Recently, Emirates took off its first-ever sustainably fuelled aircraft, opening the floodgates for an eco-friendly aviation sector. A specialised agency of the United Nations, ICAO has been working since 1944 to promote the safe and orderly development of international civil aviation throughout the world.
It sets standards and regulations necessary for aviation safety, security, efficiency, capacity and environmental protection, amongst many other priorities. In its recent meeting, the 250 experts of ICAO’s Committee on Aviation Environmental Protection (CAEP) established global measures to address aviation’s environmental impact.
The meeting opened by Dr Olumuyiwa Benard Aliu, president of the Council of ICAO, recognised the following outcomes:
Aircraft engine standard
A new stringency level that would limit the emissions of non-volatile Particulate Matter (nvPM) from aircraft engines was agreed. The ICAO standard is expected to drive technologies to address the non-volatile particulate matter, which in the long run will minimise its potential environmental and health impacts.
With this new standard, ICAO has completed all main environmental standards for the certification of aircraft and engines, namely for noise, local air quality (NOx, HC, CO, nvPM) and climate change (CO2), making the aviation industry the only sector with environmental mandatory certification requirements at the global level for the operation of its equipment. Once applicable, all new aircraft will need to be certified to those ICAO standards before operating.
The meeting also delivered new technology goals for the sector, including improvements of aircraft noise up to 15.5 dB below Chapter 14 limits for single-aisle aircraft by 2027, NOx emission by 54% relative to the latest ICAO NOx SARPs and fuel efficiency up to 1.3% per annum can be expected for the new aircraft entering into production.
Carbon offsetting for aviation
The agreement was achieved on the means to calculate and claim the benefits accrued from the use of sustainable aviation fuels. It included the default values and the methodologies for calculating actual values needed to calculate the life-cycle CO2 emissions reduction benefits of different feedstocks.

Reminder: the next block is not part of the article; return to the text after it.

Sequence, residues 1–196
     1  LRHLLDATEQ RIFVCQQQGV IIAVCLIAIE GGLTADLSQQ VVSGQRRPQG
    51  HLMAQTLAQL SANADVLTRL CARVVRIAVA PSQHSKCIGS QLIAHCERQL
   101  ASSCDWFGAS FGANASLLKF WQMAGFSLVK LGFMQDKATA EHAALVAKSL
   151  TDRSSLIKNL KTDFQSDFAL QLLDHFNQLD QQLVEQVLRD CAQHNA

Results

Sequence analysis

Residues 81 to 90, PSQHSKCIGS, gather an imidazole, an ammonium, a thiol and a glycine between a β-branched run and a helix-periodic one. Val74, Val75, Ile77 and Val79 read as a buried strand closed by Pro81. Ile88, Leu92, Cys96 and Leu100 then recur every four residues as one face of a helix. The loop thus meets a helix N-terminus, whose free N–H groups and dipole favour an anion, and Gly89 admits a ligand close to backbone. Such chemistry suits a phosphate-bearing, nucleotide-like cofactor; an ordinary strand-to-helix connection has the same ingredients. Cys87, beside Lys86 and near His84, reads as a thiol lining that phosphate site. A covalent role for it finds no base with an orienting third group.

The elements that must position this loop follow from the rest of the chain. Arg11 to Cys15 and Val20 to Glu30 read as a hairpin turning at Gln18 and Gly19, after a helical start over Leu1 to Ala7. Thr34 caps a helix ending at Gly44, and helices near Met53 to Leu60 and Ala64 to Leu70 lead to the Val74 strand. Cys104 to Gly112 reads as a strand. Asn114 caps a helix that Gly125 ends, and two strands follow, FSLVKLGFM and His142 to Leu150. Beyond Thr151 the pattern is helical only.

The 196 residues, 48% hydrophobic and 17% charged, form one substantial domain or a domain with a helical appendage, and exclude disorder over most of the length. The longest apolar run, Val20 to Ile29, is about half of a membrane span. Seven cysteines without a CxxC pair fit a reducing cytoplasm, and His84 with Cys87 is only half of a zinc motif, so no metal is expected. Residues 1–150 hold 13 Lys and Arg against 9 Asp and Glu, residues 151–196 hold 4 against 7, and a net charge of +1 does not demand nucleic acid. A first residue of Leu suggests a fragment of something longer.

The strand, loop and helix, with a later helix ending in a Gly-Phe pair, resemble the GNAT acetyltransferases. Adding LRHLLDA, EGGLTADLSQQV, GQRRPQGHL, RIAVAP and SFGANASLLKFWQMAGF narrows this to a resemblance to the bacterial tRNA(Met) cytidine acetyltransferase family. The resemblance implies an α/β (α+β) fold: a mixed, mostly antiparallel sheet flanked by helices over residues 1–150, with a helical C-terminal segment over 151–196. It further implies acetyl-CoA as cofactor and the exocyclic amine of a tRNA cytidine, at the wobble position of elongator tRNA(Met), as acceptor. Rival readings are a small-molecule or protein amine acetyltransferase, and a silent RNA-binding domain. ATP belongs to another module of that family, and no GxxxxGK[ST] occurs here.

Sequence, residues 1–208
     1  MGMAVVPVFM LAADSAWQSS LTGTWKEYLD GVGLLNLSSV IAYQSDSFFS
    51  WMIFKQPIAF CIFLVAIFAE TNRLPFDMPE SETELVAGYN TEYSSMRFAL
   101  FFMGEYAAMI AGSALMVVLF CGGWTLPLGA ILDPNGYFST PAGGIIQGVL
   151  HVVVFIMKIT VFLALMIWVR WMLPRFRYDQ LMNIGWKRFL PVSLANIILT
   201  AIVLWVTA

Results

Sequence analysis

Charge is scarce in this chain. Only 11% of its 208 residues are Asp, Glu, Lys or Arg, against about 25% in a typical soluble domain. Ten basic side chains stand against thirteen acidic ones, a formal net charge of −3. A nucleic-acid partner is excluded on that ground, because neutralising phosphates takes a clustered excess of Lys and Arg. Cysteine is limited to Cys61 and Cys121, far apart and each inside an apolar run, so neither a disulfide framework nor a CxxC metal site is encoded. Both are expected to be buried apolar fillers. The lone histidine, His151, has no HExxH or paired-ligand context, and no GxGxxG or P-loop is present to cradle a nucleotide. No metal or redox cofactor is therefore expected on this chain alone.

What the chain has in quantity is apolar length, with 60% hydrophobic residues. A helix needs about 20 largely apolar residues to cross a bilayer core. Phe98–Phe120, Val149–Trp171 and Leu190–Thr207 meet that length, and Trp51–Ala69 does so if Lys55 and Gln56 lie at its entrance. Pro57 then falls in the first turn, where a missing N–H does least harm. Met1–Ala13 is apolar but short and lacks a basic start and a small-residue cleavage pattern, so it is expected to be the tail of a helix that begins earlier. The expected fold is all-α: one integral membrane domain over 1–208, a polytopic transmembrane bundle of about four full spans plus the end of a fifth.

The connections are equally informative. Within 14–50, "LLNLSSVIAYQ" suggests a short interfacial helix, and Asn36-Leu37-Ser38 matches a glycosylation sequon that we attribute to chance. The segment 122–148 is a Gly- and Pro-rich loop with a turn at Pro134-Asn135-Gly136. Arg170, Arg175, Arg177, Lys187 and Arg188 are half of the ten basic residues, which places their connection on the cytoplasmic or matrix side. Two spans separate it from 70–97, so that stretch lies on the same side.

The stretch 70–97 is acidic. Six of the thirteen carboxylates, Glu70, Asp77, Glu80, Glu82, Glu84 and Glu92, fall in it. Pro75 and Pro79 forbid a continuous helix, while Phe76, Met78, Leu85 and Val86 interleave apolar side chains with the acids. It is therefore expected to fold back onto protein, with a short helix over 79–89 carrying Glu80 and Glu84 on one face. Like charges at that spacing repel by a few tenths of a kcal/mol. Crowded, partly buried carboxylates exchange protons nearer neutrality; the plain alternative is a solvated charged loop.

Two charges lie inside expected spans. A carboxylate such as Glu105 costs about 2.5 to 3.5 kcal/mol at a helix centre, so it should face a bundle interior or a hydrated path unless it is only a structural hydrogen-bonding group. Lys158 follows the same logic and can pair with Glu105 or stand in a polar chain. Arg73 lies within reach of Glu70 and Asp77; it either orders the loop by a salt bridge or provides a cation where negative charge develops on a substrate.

CAEP has also agreed on the requirements for Sustainability Certification Schemes (SCS) and a process to evaluate and recommend a list of eligible SCS, which will certify fuels against the Carbon Offsetting and Reduction Scheme for International Aviation (CORSIA) sustainability criteria. This package of agreements provides the clarity needed for the energy sector to embark in the production of sustainable fuels for aviation, and is an important step towards CORSIA implementation.
Another agreement was the technical updates of Environmental Technical Manual on CORSIA, which clarifies the recommended actions by States and airlines for monitoring, reporting and verification of CO2 emissions under CORSIA.
The meeting agreed on the updated ICAO environmental trends for noise, local air quality (NOx and nvPM) and global climate (CO2), which will be the basis for the considerations of ICAO environmental policies at the next ICAO Assembly, in September 2019.
Regarding climate change adaptation, a Synthesis Report was approved for publication, providing important information on the climate risk impacts and resilient options for the sector.
Two other important reports were agreed: one on the state of aircraft end-of-life and recycling; and the other on performance-based navigation and community engagement.
CAEP is a technical body of the ICAO Council, and all the technical recommendations agreed by CAEP above will be considered by the Council for final approval.